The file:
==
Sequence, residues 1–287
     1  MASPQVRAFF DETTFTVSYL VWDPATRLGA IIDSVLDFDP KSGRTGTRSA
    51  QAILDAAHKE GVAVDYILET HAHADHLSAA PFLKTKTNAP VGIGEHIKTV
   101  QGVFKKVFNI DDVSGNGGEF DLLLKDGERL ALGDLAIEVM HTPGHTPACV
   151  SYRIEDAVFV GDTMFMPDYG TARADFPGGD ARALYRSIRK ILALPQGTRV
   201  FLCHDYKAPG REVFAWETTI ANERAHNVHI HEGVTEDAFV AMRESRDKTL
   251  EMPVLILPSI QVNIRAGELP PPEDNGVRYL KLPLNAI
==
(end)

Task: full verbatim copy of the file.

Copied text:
Sequence, residues 1–287
     1  MASPQVRAFF DETTFTVSYL VWDPATRLGA IIDSVLDFDP KSGRTGTRSA
    51  QAILDAAHKE GVAVDYILET HAHADHLSAA PFLKTKTNAP VGIGEHIKTV
   101  QGVFKKVFNI DDVSGNGGEF DLLLKDGERL ALGDLAIEVM HTPGHTPACV
   151  SYRIEDAVFV GDTMFMPDYG TARADFPGGD ARALYRSIRK ILALPQGTRV
   201  FLCHDYKAPG REVFAWETTI ANERAHNVHI HEGVTEDAFV AMRESRDKTL
   251  EMPVLILPSI QVNIRAGELP PPEDNGVRYL KLPLNAI